FTC staff members made the announcement last week at a three-day hearing in Chicago into the proposed rules as representatives of marketing, media and telemarketing companies readied to rip the 112 pages of rules while state attorneys general and consumer groups called for more action to protect consumers from scams.
The marketers called the new rules, drawn to implement a new federal law targeting phone fraud, "overbroad" and well beyond the scope of Congress' limited intent of curbing abuses.
A rule aimed at preventing marketers from selling additional products to consumers who haven't yet received their original order was so broad it would bar magazine publishers from calling consumers until subscriptions ran out, the marketers charged.
Still another rule aimed at regulating fax or computer messages was so sweeping that online services could run into legal problems operating certain hours of the day.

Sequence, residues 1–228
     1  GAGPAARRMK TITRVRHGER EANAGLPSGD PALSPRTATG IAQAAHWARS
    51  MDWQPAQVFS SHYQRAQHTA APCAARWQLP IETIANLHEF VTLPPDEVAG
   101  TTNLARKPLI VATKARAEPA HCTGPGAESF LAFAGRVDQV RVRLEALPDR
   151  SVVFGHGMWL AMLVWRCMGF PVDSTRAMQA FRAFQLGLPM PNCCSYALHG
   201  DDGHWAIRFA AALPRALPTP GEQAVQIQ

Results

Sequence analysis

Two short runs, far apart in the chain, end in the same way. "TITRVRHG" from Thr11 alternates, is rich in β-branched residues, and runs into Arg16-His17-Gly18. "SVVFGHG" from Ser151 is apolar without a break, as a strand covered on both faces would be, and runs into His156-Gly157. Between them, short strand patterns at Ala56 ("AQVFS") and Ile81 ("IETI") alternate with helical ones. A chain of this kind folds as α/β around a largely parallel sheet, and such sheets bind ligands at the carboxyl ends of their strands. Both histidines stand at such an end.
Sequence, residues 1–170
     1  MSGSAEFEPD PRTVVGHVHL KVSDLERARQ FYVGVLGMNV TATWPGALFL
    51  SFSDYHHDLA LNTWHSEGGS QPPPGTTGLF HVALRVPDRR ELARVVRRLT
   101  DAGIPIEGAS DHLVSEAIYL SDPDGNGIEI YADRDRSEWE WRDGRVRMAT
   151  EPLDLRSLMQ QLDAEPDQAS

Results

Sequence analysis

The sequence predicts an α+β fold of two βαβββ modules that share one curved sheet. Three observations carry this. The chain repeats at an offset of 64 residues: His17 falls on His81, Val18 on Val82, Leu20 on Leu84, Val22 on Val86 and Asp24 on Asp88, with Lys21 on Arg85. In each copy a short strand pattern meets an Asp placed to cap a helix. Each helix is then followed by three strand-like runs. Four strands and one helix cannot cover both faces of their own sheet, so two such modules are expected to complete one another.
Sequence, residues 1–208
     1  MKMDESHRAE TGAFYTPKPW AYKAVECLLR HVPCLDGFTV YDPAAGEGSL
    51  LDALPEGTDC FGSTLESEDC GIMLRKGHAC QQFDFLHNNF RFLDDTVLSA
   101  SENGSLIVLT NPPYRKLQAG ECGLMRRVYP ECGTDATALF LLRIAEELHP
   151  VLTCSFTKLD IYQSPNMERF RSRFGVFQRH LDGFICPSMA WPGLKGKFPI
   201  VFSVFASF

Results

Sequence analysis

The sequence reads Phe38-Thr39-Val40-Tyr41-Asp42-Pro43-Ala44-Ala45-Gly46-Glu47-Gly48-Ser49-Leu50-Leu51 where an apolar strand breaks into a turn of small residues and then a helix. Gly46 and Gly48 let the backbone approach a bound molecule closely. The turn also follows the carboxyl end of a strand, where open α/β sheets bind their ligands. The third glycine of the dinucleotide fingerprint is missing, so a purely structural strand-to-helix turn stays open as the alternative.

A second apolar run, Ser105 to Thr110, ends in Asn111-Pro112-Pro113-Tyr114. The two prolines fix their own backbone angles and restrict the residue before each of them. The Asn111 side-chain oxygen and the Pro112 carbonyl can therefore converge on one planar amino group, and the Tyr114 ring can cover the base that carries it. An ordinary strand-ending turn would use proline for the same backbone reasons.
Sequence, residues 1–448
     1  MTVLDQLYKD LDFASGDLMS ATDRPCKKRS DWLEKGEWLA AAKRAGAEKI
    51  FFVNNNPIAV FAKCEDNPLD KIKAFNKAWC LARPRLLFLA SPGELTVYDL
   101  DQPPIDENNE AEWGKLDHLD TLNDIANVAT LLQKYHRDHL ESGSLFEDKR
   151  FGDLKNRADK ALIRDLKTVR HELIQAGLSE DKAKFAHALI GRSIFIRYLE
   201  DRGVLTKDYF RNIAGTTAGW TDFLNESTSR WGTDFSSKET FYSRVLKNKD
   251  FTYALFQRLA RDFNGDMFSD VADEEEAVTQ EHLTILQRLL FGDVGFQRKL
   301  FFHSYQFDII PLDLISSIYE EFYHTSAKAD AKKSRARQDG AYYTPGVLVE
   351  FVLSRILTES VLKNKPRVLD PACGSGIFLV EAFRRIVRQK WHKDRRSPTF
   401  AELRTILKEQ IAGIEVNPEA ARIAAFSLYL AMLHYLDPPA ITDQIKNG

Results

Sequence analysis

"The magazine industry is highly dependent on telemarketing," said Michael Pashby, senior VP at the Magazine Publishers of America. "The [three-month] rule is capricious and arbitrary .*.*."
Robert Sherman, general counsel of the Direct Marketing Association, said the rules "fail to recognize the enormous popularity and convenience of shopping by phone."
Consumer groups, state attorneys general and some law enforcement officials, however, warned that telemarketing abuse is growing and praised the rules.
Lee Norrgard, an investigative analyst for the American Association of Retired Persons' department of consumer affairs, said the proposed rules "strike a balance" and AARP members have been victimized by "recurring scams."
FTC officials said they expected the rules to be redrawn and a new draft presented for comment.